# Determine the acceleration after 6 seconds.

## Homework Statement

Determine the acceleration after 6 seconds.

## Homework Equations

s(t) = sqrt12t - 8 where s is in metres and t is in seconds.

## The Attempt at a Solution

v=s'(t)=6/sqrt12t-8

this is where i don't understand...they got a positive value for 36 in the book and i got a negative value...here is my work below that got me to a negative value...what did i do wrong?

a=v'(t)=0*sqrt12t-8 - 6/sqrt12t-8*6/(sqrt12t-8)^2
= - 36/sqrt12t-8/(sqrt12t-8)^2
= - 36/(12t-8)^3

Hard to tell what your original equation is..

$\sqrt{12t-8}$
or
$\sqrt{12t}-8$

??

It's kind of hard for me to see what any of your work is too.

Last edited:
Ray Vickson
Homework Helper
Dearly Missed
Do you mean s = sqrt(12t - 8) or s = sqrt(12t) - 8? Use brackets, or else typeset your material in TeX.

If you mean s = sqrt(12t - 8), then v = ds/dt = 6/sqrt(12t - 8). If you mean s = sqrt(12t) - 8,
then v = (1/2)sqrt(12/t).

RGV

From the work done already, it looks to be the first option.

Could you explicitly state the entire question, also? Often times with acceleration/velocity problems the manner in which the problem is set up/interpreted can account for the sign differences that using strictly mathematics doesn't show.

And as mentioned, your work is very confusing. But, from what I can see, are you trying to use the quotient rule in getting the acceleration? What you need to use is the chain rule (which I am assuming you did for the correct velocity function) after moving the square root expression in the denominator up. Remember your power/exponent rules.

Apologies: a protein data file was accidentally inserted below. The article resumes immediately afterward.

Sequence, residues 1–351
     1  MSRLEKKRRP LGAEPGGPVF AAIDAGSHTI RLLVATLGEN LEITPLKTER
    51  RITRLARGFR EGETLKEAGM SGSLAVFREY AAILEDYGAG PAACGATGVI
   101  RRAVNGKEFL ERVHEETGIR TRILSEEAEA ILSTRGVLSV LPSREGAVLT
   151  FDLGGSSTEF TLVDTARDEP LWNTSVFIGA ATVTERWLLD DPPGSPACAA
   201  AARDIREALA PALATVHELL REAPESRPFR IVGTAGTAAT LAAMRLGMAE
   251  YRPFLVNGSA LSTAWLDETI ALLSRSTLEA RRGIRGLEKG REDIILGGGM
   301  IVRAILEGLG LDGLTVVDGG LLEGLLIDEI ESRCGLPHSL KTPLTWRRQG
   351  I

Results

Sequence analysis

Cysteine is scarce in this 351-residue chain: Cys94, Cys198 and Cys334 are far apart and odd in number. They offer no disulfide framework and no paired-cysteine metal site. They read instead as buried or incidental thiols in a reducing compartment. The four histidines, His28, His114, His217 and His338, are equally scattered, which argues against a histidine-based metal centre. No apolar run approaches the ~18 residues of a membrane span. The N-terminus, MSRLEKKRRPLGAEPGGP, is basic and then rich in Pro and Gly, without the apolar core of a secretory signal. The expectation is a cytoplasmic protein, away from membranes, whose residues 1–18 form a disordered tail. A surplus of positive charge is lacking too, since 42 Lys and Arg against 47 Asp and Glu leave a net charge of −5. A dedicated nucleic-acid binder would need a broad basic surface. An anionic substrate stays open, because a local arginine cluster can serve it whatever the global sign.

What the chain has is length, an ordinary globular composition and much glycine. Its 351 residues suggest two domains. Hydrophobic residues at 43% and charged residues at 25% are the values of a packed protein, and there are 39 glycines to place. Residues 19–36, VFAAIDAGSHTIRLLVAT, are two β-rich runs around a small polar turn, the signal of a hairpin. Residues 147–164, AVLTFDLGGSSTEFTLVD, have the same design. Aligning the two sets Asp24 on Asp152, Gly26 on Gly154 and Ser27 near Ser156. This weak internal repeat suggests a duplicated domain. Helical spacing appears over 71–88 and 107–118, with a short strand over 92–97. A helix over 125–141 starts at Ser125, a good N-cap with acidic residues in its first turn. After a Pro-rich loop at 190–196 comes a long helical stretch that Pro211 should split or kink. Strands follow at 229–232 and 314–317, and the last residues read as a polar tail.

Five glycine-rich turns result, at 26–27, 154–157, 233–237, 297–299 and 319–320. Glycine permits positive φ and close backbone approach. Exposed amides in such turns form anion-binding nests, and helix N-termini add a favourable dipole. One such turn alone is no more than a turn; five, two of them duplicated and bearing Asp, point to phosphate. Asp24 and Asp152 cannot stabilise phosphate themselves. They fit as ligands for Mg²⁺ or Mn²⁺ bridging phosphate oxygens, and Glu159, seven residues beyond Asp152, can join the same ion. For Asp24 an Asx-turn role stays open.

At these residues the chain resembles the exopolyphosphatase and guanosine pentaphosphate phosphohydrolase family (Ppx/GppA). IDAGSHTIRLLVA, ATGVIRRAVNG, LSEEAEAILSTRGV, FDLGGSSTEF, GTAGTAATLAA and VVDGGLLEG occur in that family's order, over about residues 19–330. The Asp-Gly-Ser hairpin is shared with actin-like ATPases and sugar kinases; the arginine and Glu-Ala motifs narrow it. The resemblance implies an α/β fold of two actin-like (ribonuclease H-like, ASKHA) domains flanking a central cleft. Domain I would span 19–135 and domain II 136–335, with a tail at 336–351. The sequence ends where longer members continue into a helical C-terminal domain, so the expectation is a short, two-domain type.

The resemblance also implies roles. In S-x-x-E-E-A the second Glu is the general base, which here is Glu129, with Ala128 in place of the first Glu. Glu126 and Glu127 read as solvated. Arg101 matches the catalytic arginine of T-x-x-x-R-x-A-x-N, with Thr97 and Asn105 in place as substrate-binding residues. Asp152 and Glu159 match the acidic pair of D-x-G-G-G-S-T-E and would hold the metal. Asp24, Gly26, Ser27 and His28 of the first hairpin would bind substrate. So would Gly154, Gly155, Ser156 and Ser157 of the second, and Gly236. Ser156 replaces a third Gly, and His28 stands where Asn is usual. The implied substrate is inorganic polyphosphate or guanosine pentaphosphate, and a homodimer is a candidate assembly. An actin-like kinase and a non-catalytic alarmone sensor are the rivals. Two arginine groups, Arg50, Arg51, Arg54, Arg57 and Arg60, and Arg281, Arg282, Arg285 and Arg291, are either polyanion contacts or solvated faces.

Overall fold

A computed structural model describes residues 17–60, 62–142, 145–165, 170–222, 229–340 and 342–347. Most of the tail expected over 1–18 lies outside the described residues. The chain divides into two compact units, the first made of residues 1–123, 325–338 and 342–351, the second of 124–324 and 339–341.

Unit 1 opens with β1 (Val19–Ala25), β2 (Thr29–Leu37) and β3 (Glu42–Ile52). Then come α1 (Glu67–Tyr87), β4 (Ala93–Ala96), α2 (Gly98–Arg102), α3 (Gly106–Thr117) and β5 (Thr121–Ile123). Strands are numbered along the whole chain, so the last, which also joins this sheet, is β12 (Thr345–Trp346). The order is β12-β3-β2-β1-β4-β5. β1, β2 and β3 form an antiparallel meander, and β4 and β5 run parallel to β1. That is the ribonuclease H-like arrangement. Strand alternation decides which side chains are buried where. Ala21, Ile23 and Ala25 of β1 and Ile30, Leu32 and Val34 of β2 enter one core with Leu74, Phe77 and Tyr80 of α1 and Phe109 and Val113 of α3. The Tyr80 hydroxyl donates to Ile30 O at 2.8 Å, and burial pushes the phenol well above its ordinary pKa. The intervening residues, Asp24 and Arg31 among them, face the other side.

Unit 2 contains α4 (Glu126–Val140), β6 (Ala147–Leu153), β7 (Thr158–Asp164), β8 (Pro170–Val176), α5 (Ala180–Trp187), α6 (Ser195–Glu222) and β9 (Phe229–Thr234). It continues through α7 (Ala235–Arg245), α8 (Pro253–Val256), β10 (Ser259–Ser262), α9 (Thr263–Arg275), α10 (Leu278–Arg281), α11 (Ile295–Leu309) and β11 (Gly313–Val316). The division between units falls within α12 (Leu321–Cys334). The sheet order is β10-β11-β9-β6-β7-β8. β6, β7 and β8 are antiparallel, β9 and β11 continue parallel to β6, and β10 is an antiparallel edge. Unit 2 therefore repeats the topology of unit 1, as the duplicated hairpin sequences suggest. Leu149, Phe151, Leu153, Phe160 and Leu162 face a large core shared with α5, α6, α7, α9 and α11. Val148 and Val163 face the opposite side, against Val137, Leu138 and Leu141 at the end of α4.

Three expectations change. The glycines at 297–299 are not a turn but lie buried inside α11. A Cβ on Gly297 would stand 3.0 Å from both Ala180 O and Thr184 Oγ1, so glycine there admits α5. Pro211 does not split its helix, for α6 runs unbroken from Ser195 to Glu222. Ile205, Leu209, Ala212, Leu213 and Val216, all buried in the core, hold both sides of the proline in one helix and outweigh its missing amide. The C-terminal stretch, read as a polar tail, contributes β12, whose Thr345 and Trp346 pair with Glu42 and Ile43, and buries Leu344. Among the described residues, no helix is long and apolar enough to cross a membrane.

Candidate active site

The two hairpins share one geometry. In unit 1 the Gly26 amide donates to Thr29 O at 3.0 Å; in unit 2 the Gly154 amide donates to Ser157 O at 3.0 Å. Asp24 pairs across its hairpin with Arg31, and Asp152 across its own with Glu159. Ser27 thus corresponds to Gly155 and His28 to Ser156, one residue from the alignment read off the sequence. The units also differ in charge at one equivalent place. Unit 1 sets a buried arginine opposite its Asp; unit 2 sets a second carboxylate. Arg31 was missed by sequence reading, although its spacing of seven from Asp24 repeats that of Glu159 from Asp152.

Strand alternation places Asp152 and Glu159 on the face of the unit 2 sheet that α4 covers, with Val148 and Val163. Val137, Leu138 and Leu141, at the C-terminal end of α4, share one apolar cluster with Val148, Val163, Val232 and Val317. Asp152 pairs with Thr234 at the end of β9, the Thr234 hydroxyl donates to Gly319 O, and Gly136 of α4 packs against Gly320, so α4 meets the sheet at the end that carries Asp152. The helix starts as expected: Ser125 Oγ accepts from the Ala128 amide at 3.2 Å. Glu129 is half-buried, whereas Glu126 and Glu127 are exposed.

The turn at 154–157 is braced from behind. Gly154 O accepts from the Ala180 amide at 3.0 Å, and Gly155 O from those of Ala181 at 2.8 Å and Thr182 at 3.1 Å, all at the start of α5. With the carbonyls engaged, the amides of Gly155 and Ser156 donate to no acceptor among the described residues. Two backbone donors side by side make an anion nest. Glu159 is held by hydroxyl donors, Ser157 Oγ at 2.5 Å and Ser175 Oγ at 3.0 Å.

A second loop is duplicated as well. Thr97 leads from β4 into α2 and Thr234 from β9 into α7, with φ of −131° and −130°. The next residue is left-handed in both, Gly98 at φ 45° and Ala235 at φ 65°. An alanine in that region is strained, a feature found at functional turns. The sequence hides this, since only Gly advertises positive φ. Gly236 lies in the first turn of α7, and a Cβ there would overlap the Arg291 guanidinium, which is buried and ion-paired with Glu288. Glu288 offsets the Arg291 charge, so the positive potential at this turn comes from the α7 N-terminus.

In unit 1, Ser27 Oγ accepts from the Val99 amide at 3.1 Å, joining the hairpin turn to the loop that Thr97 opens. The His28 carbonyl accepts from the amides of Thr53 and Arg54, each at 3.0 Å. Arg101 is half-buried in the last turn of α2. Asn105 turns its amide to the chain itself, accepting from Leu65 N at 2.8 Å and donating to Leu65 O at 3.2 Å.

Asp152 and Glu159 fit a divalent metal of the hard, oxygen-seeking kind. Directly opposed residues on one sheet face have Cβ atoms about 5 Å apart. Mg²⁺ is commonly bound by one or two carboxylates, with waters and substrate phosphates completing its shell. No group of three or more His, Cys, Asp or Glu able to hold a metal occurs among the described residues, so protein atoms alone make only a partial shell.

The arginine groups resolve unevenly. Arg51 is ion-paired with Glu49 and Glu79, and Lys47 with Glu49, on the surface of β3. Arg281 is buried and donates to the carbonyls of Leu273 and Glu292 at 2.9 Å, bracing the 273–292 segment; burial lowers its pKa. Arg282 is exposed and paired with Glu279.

From the work done already, it looks to be the first option.

Could you explicitly state the entire question, also? Often times with acceleration/velocity problems the manner in which the problem is set up/interpreted can account for the sign differences that using strictly mathematics doesn't show.

And as mentioned, your work is very confusing. But, from what I can see, are you trying to use the quotient rule in getting the acceleration? What you need to use is the chain rule (which I am assuming you did for the correct velocity function) after moving the square root expression in the denominator up. Remember your power/exponent rules.

Sorry, the full question is: Given the position function s(t) = sqrt12t-8 where s is in metres and t is in seconds. Determine the acceleration after 6 seconds.

First i did this:

v=s'(t)=1/2(12t-8)^-1/2(12)

therefore v(t)=6/sqrt12t-8

a = v'(t)=d(6)/dt*sqrt12t-8 - d(sqrt12t-8)/dt*6/(sqrt12t - 8)^2

Hrm, I worked the problem and I also get a negative value. I also checked the graph and by eye it looks like it should be just barely negative.

Are you sure your initial function isn't a velocity function (and thus you'only derive once, that gives a positive value.)

Ya i am sure, but it could be that the answer in this book is wrong? The initial function is(according to the book) a position function.

I could have made an error, but the graph points to a slightly falling acceleration due to it's concavity.

a(6) = 0.07m/s^2

Then in my opinion, the book either has a sign error or your function was copied incorrectly.

Ray Vickson
Homework Helper
Dearly Missed
No. A correct statement would be: therefore, v(t) = 6/sqrt(12t - 8). I don't understand what you have against writing expressions clearly, using brackets. It really does not require extra work.

RGV

No. A correct statement would be: therefore, v(t) = 6/sqrt(12t - 8). I don't understand what you have against writing expressions clearly, using brackets. It really does not require extra work.

RGV

ya it does on my computer...nothing "against" writing expressions clearly...that is silly.

Ray Vickson
Homework Helper
Dearly Missed
I don't believe you. Before, you wrote v=s'(t)=1/2(12t-8)^-1/2(12) and that has lots of brackets.

RGV

i don't care buddy...you need a holiday.

Right... about the mathematics, can anyone else confirm that the book's solution does not match the problem we have been given?

The answer in the book is wrong. It showing a positive acceleration when it should be a negative value. The book made a sign error.

$$a(t) = v'(t) = \frac{-36}{(12t-8)^{\frac{3}{2}}}$$

For t = 6 sec

$$a(6) = v'(6) \, \approx \, -0.07 m/sec^{2}$$

Yes, the book must be wrong if we're all getting matching answers.

No surprise there. i come across a lot of mistakes in textbooks.